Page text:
Versatility: On top of their versatility in sound, the three detachable cables that these headphones come with are very useful for different situations. These come with a coiled cable, a short straight cable and a long straight cable. The short or coiled cable would be most useful in the DJ booth, but the long cable is great for moving around in a studio, especially when recording far away from your audio interface. These replaceable cables and earpads also add to their longevity, which is important for heavy use in a club or bar setting.
Isolation: The ATHM50x really do a good job at blocking out sound, which can be a blessing in the DJ booth. Bar and club speakers aren’t always the most accurate, especially when they are distorting in being pushed to their limit. It’s important to get your sound dialed in on headphones before pushing the volume fader up and the M50s really help you get there by cupping the ear very well to focus your sound.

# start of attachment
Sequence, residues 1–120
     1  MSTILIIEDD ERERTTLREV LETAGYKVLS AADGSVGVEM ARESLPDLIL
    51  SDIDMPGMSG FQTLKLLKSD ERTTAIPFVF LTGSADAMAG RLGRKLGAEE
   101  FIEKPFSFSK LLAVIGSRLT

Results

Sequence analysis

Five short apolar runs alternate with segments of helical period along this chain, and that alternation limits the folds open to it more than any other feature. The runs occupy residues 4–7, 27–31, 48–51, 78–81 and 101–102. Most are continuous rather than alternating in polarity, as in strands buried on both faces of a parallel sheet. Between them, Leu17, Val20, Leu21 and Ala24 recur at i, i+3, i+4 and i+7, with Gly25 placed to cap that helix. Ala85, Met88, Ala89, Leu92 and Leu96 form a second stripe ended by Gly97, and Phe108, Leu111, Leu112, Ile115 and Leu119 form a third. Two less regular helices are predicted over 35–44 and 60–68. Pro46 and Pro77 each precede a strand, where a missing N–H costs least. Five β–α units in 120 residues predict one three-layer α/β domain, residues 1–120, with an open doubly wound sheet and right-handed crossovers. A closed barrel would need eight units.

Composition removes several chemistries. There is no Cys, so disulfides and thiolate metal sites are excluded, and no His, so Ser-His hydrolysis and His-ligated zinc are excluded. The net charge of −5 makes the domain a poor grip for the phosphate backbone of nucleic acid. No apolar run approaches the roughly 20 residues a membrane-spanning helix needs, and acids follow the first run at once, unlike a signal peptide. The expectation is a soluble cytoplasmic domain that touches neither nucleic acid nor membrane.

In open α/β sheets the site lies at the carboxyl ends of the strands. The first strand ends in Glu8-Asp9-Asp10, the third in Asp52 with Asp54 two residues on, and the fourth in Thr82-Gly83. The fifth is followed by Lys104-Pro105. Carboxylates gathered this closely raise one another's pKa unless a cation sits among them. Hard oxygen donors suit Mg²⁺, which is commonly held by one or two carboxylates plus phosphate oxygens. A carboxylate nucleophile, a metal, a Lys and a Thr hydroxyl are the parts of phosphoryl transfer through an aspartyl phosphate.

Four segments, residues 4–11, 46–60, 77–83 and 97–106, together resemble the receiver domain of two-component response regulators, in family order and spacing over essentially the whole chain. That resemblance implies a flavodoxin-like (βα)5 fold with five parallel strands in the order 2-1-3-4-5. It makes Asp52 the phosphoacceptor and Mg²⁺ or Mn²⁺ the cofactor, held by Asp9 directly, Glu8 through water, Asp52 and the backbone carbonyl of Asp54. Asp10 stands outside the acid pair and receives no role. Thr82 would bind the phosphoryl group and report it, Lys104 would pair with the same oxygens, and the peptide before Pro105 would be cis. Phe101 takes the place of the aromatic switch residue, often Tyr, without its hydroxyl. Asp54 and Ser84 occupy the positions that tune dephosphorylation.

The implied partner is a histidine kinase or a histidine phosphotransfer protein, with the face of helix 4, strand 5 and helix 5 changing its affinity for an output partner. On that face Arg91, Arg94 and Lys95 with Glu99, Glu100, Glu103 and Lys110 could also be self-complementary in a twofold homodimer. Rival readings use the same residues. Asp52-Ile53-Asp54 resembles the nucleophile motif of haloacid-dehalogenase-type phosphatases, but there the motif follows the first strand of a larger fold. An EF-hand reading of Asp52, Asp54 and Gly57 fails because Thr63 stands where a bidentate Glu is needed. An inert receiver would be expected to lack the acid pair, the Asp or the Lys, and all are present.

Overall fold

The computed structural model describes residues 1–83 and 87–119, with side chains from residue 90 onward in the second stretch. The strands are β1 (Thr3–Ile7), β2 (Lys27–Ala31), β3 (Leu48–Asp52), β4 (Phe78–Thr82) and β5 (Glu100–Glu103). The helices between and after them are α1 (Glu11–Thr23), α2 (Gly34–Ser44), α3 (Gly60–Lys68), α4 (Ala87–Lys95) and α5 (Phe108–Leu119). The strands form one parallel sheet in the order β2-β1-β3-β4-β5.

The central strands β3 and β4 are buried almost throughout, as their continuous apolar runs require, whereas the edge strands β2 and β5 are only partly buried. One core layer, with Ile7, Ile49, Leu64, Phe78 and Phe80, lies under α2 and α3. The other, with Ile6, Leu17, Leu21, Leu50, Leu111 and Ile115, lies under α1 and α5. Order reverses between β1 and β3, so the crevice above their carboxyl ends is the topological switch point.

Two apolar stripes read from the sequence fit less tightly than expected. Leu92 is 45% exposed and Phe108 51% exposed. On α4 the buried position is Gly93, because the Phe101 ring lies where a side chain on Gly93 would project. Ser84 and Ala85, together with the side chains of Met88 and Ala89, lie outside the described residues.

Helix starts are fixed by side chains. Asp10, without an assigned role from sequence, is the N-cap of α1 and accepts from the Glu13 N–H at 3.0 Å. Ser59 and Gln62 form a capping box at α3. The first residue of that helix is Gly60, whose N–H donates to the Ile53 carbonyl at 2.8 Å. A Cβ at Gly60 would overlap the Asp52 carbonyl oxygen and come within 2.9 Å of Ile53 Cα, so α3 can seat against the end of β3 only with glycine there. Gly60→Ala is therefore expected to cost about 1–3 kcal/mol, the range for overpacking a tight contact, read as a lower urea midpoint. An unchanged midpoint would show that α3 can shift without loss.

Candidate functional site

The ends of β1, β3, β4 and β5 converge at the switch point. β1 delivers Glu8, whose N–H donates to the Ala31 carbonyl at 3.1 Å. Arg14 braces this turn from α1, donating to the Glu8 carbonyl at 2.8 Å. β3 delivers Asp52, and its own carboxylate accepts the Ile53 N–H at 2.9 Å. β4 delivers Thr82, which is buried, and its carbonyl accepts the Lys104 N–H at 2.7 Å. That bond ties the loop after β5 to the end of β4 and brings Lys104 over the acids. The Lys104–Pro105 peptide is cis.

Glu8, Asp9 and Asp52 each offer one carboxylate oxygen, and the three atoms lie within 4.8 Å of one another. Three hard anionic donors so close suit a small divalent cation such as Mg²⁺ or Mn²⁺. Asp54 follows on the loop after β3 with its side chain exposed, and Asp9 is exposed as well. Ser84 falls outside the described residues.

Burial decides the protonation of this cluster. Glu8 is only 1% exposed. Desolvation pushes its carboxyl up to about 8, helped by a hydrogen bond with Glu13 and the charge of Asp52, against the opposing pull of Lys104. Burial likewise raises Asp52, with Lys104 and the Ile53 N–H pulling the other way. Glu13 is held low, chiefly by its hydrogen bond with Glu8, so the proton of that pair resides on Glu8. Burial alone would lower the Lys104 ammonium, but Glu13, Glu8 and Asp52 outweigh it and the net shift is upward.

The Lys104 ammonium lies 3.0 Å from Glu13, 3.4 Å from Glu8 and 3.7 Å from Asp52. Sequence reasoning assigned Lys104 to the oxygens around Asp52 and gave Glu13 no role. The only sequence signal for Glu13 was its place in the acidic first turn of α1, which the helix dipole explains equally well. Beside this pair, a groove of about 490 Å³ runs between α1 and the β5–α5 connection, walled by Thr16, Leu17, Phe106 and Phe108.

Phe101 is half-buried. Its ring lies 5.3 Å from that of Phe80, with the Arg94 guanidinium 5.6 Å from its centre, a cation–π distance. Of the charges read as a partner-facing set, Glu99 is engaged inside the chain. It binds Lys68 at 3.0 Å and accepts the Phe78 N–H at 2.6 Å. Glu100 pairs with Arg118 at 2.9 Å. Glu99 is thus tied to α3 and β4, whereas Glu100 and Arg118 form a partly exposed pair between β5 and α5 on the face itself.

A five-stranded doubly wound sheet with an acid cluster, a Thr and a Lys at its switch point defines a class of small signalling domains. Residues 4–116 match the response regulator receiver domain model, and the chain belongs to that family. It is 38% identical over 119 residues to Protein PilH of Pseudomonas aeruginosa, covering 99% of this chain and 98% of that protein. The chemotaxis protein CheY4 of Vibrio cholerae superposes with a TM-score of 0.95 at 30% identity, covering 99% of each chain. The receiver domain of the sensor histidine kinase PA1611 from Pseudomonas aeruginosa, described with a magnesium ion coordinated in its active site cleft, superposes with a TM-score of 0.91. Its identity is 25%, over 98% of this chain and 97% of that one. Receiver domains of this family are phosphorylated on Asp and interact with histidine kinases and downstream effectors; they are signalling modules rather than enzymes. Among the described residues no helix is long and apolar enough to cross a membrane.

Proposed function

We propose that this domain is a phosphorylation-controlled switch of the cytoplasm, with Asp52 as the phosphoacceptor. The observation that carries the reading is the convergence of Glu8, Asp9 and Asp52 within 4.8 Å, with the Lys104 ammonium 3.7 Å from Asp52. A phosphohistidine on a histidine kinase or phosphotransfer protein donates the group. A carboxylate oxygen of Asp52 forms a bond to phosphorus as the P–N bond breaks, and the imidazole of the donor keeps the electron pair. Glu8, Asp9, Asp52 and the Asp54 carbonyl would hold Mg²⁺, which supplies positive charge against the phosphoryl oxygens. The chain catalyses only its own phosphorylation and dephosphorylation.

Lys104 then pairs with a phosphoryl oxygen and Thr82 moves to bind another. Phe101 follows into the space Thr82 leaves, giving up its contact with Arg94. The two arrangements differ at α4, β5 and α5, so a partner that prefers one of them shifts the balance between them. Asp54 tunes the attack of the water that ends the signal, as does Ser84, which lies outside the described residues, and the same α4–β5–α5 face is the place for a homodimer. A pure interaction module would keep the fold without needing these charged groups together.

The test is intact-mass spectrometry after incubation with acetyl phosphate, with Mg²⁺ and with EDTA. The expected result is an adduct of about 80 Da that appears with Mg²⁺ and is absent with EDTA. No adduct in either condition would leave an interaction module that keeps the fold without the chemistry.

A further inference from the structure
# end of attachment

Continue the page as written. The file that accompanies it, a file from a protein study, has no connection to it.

Fun and Affordable Over Ears: PIONEER HDJ-X5
Sound Quality: The HDJ X5 is a very “fun” sounding headphone. We definitely wouldn’t recommend these for production or mixing/mastering because they aren’t very accurate, but they aren’t meant to be. These were made to JAM on, and for that they are amazing. The isolation is great, blocking any outside sound and the hyped mid-range really helps for aligning transients in a hi hat or snare sound when beatmatching. These are super comfortable as well in being pretty light with large, soft earpads for long mix sessions.
Price To Performance: For the price, it’s hard to argue with these headphones, especially for use as a DJ or even for fun listening sessions. Like most of the others in this list, these come with a detachable cable and fold up nicely for portability. The materials aren’t quite as premium as some of Pioneer’s higher end headphones but the hard plastic still feels very solid and should last you quite a while. If you’re looking for something that you can also use out and about, the HDJ-X5BT is the Bluetooth model for a couple more bucks.
Compact and Affordable: PIONEER HDJ-CUE1